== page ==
Information about Aalborg Port

Just inside the hall you will see a shipbroker’s office, as it would have looked during the interwar period. The office is equipped with office machines and furniture from the period, such as the tall writing desk, telexes and old telephones. The walls are decorated with paintings and pictures relating to ships and the Port of Aalborg. On the desk are a cash book and a journal of ships’ calls. The journal shows several years of traffic on the Port of Aalborg.

Next to the shipbroker’s office is an impressive collection of small ship models made of paper and sewing thread. The models are very accurate and are comprised of ships from the Danish merchant fleet as well as warships from various nations.
A photomontage and some primitive working tools, used by Dockers, illustrate how much hard labor, loading and unloading ships, involved, before modern equipment was introduced.

Hals Barre, the sand bank at the eastern entrance to the Limfjord, has always affected the development of the harbor and the shipbuilding industries, as it limits the size of ships able to enter the fiord. The channel across the sand bank of Hals Barre was first deepened as early as in the 1870s and since then huge quantities of sand have been removed at regular intervals. One of the exhibition cases illustrates the amount of sand removed from Hals Barre between 1971 and 1981 comparing it to the size of the Aalborg Tower. The dredged sand used to be dumped into the northern Kattegat, so that it shortly afterwards would reappear at Hals Barre. Today we know better. Nowadays most of the sand is used in the building industry. Of course the difficult channel through the sand bank and into the fiord had to be buoyed. This is illustrated on the chart hanging on the wall. You can also see models of some of the fixed lights that mark the channel.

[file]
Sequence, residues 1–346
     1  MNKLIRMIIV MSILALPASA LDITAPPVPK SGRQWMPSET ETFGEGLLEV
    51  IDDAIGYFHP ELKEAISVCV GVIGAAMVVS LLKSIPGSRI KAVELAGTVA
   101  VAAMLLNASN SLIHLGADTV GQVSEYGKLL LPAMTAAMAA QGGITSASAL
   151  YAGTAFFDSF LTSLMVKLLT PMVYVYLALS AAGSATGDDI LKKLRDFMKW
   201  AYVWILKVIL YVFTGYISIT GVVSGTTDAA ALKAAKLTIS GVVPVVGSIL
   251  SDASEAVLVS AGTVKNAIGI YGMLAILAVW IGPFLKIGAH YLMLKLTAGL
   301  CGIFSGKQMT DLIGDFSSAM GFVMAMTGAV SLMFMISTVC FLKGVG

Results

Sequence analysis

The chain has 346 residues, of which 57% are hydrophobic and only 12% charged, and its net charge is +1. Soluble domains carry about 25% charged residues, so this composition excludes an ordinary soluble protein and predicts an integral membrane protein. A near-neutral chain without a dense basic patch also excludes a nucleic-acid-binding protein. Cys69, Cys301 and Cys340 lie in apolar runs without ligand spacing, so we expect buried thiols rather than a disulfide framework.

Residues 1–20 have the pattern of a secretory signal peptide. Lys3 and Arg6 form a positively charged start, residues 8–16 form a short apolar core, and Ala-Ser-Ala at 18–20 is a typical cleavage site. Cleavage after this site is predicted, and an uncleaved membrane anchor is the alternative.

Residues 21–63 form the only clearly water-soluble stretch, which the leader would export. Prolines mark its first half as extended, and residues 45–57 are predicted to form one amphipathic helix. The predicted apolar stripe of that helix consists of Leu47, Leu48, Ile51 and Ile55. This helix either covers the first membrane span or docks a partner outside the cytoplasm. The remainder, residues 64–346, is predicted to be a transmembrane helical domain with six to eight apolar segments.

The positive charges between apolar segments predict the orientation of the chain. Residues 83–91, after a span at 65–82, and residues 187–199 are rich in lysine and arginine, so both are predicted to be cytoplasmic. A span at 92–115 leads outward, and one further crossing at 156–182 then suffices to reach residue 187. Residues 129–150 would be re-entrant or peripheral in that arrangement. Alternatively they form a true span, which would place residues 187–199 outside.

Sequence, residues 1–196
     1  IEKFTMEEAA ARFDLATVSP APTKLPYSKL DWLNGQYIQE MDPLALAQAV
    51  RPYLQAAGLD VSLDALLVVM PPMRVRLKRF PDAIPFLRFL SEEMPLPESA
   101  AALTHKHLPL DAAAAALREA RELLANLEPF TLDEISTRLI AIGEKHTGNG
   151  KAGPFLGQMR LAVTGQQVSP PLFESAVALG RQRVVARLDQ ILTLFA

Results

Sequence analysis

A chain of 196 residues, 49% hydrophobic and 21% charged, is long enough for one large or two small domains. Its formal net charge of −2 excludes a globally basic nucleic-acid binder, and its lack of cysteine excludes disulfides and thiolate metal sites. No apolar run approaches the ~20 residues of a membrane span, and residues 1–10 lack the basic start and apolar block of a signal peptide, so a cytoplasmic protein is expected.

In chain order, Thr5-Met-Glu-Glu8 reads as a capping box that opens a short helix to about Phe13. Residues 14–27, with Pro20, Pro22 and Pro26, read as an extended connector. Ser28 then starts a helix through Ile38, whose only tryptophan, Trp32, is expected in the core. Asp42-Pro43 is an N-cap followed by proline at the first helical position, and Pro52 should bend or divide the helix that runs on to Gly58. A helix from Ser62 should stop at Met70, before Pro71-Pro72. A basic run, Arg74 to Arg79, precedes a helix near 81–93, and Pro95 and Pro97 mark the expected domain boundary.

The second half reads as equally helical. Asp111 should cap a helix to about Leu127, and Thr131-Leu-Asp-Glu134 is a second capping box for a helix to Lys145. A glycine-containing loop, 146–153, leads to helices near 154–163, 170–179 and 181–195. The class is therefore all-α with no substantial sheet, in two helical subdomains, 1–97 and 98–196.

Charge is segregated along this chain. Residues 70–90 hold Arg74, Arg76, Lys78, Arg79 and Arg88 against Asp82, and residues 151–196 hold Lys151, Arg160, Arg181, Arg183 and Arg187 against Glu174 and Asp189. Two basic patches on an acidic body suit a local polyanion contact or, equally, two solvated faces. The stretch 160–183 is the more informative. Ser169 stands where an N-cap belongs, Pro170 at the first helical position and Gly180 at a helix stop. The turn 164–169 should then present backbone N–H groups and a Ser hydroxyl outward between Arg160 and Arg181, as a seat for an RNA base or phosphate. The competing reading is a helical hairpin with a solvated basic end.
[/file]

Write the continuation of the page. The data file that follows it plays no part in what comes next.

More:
The cannon ball was found during a dredging of Hals Barre. The ball originates from one of the two batteries placed at the entrance to the Limfjord during the war against Great Britain 1807-14. The war began with the siege and bombardment of Copenhagen which resulted in the surrender of the Danish fleet to Great Britain. After that Denmark had to fight its naval war with small oared gunboats, a few small sloops and a number of privateers, fitted out at the expense of private citizens and given a Royal license. These privateers tried to conquer ships from the British convoys bound for the Baltic. This privateering was run on a large scale by merchants and ship owners from Aalborg. The British convoys were protected by warships usually superior in power to the Danish gunboats and privateers. So in order to protect the privateers and the gunboats against the British men-of-war, several coastal batteries, like the ones at Hals and Egense at the entrance to the Limfjord, were established along the Danish coastlines.